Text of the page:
Rep. Johnson discloses fight with hepatitis C

LAWRENCEVILLE -- U.S. Rep. Hank Johnson, whose district includes Lilburn and Norcross, said Monday he has been battling hepatitis C for more than a decade.

He said his treatment has gone well, and he plans to use his position to raise awareness of the infection.

"I hope that my disclosure will provide others suffering from HCV with confidence to speak out and educate the community about this illness," he said, adding that he did not know how he contracted the disease. "Through clinical trials and medical research, we must always seek new, more effective treatments."

Johnson, a Democrat from DeKalb County, said the virus has not affected his ability to serve in Congress.

"Though this infection has caused me some discomfort and frustration, it has in no way affected my ability to legislate and serve my constituents," he said. "My record of attendance at votes and in committee meetings is outstanding. I have passed three major bills in this year alone. As Chairman of the Judiciary Subcommittee on Courts and Competition Policy, I have led an active and effective committee. And as Southeast Regional Whip in the House leadership I played a significant role in rallying my colleagues' support for historic health reform."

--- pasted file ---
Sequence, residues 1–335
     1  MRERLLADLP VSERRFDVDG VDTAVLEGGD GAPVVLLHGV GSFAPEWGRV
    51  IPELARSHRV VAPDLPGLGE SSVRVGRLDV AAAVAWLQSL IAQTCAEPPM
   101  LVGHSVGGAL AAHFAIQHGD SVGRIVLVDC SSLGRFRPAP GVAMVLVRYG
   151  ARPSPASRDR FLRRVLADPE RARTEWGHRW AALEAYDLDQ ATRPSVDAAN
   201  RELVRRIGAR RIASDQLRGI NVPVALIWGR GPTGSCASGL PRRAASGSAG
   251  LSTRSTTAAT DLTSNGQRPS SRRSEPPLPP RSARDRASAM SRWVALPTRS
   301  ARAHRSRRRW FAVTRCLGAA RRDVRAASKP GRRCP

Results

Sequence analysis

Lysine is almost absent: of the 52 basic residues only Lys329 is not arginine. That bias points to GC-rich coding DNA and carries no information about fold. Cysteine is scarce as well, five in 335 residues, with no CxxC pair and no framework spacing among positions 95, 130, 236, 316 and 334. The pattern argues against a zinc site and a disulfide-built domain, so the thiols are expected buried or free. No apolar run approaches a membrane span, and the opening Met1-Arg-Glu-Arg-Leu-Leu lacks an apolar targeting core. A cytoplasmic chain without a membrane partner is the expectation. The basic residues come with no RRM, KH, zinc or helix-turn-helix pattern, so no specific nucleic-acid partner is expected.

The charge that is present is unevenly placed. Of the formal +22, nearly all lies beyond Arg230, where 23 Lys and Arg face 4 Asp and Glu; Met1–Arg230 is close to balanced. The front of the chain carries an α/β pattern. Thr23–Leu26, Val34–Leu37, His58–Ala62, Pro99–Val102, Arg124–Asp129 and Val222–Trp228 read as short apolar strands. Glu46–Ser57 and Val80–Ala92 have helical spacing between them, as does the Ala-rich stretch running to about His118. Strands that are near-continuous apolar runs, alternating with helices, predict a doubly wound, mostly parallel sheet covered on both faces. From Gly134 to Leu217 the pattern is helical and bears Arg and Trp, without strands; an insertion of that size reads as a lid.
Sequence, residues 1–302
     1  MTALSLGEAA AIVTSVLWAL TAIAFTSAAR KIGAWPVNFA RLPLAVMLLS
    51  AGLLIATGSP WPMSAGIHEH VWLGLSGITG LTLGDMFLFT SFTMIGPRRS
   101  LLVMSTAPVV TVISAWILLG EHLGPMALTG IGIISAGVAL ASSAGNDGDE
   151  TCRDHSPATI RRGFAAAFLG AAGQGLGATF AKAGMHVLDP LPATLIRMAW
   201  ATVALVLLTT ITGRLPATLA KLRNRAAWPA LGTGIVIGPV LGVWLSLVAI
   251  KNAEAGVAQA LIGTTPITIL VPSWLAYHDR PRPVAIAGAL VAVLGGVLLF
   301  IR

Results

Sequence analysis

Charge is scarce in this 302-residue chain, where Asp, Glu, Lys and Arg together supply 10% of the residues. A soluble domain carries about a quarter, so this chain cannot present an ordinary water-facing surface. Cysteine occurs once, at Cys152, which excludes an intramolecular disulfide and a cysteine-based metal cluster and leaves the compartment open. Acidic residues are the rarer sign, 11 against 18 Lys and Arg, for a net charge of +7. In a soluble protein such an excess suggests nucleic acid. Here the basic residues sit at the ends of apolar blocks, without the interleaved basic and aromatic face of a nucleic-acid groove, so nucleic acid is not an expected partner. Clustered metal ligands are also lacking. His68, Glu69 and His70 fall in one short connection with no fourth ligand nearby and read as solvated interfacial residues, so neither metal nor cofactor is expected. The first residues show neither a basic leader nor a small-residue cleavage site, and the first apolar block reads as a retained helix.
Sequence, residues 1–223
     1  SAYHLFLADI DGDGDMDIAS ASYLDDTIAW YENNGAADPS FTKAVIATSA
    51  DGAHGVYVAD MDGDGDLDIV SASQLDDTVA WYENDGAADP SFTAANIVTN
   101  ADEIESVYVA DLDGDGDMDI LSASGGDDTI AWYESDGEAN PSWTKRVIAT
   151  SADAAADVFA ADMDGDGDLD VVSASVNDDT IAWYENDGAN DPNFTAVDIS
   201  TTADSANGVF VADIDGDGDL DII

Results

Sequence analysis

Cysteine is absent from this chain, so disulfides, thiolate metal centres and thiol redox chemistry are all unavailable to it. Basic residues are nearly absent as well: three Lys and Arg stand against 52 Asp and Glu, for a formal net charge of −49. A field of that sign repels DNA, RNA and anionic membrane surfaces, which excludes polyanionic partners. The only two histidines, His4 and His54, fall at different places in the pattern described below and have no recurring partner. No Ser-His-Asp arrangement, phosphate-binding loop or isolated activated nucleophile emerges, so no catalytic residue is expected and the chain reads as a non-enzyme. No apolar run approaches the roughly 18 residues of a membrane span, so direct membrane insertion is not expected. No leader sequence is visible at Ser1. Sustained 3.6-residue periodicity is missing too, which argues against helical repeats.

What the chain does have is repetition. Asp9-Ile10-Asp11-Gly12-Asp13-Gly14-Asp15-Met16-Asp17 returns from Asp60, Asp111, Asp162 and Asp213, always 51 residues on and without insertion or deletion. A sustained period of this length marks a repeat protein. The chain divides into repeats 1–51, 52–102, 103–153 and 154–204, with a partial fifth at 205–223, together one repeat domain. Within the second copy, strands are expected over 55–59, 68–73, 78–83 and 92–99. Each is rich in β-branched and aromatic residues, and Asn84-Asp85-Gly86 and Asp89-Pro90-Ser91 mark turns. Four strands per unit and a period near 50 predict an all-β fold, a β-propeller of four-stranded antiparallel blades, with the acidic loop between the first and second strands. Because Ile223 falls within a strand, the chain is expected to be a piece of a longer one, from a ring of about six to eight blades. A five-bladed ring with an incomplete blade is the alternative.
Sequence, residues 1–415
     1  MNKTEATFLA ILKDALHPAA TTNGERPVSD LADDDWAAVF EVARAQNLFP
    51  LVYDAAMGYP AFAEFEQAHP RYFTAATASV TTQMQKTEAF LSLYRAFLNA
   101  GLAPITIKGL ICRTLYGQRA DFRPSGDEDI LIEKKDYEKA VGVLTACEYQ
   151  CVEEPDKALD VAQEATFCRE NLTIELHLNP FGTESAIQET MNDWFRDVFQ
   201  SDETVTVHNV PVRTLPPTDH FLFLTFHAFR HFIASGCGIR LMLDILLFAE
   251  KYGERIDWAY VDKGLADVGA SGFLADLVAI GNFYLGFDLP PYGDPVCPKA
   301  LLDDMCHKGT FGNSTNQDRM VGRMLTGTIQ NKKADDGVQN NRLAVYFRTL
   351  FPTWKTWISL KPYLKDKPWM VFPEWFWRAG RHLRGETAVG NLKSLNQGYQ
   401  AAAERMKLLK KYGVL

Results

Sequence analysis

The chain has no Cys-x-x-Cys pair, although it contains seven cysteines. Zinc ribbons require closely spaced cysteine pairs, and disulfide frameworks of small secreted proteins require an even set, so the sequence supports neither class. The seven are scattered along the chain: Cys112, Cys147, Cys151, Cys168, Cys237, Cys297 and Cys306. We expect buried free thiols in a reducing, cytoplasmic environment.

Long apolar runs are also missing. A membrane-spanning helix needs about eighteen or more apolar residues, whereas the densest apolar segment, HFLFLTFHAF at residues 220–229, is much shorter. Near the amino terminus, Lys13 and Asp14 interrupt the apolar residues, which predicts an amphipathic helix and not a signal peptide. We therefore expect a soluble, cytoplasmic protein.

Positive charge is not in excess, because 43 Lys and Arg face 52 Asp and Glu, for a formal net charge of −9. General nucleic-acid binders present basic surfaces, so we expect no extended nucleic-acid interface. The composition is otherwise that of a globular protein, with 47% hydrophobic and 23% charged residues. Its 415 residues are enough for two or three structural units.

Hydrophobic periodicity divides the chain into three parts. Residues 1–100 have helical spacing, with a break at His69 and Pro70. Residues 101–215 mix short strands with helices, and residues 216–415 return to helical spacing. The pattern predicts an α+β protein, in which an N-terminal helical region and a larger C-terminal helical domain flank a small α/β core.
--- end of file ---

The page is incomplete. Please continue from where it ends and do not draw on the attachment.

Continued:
Johnson's physician, Dr. Maria Sjogren of Walter Reed Army Medical Center, said the congressman can serve as an inspiration.

"He has been a model patient, sticking with his course of treatment even when it was most difficult," Sjogren said in a statement. "His determination shows that people suffering from hepatitis can live normal lives and continue to be productive citizens."

He made the announcement while adding he will co-sponsor legislation to establish a comprehensive prevention, education, research and medical referral program for viral hepatitis infection.

"Congressman Johnson's announcement shines a much-needed spotlight on a public health issue that has historically resided in the shadows," said Martha Saly, director of the National Viral Hepatitis Roundtable, who was treated for hepatitis C in 1999 and cleared the virus. "We are hopeful that Congressman Johnson's announcement will help spur greater awareness about the need for increased prevention, detection, and treatment of chronic viral hepatitis B and C."